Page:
3/18/15 ASHLAND, Ohio – A series of letters exchanged between novelist C.S. Lewis and former Ashland College professor Tom VanOsdall will be displayed on the Ashland University campus and accessible to the public as part of an event scheduled in early May.
“This May 7 event will highlight the relationship between C.S. Lewis and professor Tom VanOsdall during 1963 and the letters they exchanged,” said Dr. Mark Hamilton, associate professor of philosophy at Ashland University.
Hamilton said the event, which is free and open to the public, will feature Dr. Michael Peterson, a Lewis scholar from Asbury Theological Seminary, speaking on “C.S. Lewis.” As part of the event, Hamilton will talk about the letters that were exchanged between Lewis and VanOsdall and were donated to the University.
Hamilton said Tom VanOsdall grew up in Ashland and taught at what was then Ashland College for nearly 30 years and retired in 1980. “He was a beloved chemistry professor. He really was a Renaissance man and for many years he led a big band called Tommy Van and his orchestra,” Hamilton said.
VanOsdall had one son, Tom Jr., who was killed in a car accident in May of 1962. The Tom VanOsdall Jr. scholarship has been established through the Ashland County Community Foundation.
“After his son’s death, VanOsdall threw himself into working on the relationship between science and religion,” Hamilton said. “He wanted to develop a course that reconciled science and religion and would take them both seriously. He was very concerned that science was becoming a religion – a movement known as Scientism.”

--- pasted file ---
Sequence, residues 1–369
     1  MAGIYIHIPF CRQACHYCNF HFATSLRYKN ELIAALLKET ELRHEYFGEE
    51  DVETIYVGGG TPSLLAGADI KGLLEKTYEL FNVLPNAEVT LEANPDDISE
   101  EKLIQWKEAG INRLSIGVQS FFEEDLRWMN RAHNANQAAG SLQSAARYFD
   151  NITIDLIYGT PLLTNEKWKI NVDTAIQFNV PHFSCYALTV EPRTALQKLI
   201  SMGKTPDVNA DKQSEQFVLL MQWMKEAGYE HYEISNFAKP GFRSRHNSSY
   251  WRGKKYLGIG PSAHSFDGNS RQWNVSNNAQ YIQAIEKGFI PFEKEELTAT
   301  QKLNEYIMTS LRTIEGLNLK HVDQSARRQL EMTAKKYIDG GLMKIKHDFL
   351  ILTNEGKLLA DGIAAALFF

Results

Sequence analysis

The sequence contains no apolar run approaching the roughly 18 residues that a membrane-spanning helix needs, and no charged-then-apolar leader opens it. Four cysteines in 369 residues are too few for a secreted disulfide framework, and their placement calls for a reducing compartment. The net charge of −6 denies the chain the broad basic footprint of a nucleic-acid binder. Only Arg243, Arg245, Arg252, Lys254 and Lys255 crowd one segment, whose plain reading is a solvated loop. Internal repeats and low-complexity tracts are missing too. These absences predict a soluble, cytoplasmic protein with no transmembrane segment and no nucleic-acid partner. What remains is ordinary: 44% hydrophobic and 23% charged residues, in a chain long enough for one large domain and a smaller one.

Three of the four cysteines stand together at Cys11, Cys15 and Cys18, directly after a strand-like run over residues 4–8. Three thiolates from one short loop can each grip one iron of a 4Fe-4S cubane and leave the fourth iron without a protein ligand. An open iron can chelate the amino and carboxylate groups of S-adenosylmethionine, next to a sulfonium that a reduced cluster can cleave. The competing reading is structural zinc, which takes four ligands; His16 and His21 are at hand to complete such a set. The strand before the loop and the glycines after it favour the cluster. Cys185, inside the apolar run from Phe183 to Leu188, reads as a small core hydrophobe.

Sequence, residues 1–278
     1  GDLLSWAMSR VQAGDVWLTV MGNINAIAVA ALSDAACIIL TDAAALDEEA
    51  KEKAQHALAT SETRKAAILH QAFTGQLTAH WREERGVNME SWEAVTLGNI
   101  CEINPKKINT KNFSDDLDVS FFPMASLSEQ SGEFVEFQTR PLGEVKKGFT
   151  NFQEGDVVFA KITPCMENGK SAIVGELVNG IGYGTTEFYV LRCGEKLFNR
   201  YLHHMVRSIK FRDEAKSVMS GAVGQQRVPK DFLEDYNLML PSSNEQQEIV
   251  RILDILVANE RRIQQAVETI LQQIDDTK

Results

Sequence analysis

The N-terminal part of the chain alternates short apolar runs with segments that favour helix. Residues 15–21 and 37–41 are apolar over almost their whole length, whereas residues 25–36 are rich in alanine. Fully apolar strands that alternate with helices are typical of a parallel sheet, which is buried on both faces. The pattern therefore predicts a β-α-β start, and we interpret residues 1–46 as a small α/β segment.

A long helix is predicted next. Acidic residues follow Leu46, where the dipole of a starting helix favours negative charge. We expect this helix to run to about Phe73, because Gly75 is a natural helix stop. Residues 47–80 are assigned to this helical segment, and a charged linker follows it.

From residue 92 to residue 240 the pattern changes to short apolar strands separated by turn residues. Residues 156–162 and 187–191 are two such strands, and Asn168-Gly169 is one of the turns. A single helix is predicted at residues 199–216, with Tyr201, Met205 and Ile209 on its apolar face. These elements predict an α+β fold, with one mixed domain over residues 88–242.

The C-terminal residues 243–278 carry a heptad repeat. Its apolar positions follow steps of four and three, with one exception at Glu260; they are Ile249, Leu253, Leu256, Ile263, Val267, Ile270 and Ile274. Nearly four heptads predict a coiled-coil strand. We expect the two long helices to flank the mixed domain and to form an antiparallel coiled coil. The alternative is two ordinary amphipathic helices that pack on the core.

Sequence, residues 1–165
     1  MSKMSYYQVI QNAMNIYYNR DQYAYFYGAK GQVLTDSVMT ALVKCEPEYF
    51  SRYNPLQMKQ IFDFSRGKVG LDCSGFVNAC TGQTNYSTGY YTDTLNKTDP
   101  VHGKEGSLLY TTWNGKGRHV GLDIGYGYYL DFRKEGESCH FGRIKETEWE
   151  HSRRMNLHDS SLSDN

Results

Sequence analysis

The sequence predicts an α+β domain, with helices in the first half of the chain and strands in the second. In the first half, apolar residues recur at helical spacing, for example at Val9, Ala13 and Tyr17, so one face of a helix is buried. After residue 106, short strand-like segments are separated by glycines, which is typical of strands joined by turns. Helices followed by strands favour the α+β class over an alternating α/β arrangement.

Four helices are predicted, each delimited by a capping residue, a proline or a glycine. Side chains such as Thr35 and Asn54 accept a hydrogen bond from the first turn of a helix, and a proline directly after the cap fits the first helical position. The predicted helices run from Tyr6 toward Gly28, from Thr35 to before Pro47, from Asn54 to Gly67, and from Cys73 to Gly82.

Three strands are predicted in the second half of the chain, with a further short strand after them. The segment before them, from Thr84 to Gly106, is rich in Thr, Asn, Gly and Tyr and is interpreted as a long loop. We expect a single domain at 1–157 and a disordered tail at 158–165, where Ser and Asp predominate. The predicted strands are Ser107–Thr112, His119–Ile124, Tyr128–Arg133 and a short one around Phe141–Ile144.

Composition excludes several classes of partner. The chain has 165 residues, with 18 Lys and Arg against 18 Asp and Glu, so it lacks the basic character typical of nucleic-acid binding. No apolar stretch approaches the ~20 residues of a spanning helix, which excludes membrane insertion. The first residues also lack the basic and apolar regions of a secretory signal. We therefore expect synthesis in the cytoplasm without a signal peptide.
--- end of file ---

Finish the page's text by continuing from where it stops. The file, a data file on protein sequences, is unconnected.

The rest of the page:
In the process of developing a course on the cultural impact of science, VanOsdall wrote letters to a number of significant people, including C.S. Lewis in 1963. Over a five-month period of that year, VanOsdall exchanged several letters with Lewis. This led to the creation of a course called Science as a Cultural Force which is still being taught at Ashland University though it has gone through numerous evolutions.
Hamilton said Lewis was in his home in Oxford when he wrote the letters on June 1, Oct. 9 and Oct. 26 of 1963.
“We have all three of the letters from C.S. Lewis to Tom and two of the three letters from Tom to C.S. Lewis,” Hamilton said. “The last letter from Tom is the one we do not have and we know that was the letter in which Tom talked about the loss of this son.”
Hamilton explained that the third letter from Lewis noted, “I too have lost what I most loved.”
Hamilton said a significance of this letter relationship was that Lewis died at the age of 65 in November of 1963, the same day that John F. Kennedy died.
Hamilton said the letters were treasured by VanOsdall, who died in 2001.
“After his death, Tom’s notebook went to Nancy Tipton Davis, who was a lifelong friend and had been a very good friend of Tom Jr. also,” Hamilton said. “She then donated the letters to the University.”
Hamilton said that C. S. Lewis wrote about 50,000 letters, but noted that these three have been unseen by the world until now. “And we know these were written by him,” he said.
Wheaton College had requested the letters for its large C.S. Lewis Library, but Hamilton said they will remain at Ashland.
“Nancy Davis and I talked quite a bit about where they should be housed. We both agreed that this is where Tom lived and taught; here they will maintain their specialness. This is a way to remember and honor Tom," he said.
Ashland University is a mid-sized, private university conveniently located a short distance from Akron, Cleveland and Columbus, Ohio. Ashland University (www.ashland.edu) values the individual student and offers a unique educational experience that combines the challenge of strong, applied academic programs with a faculty and staff who build nurturing relationships with their students. ###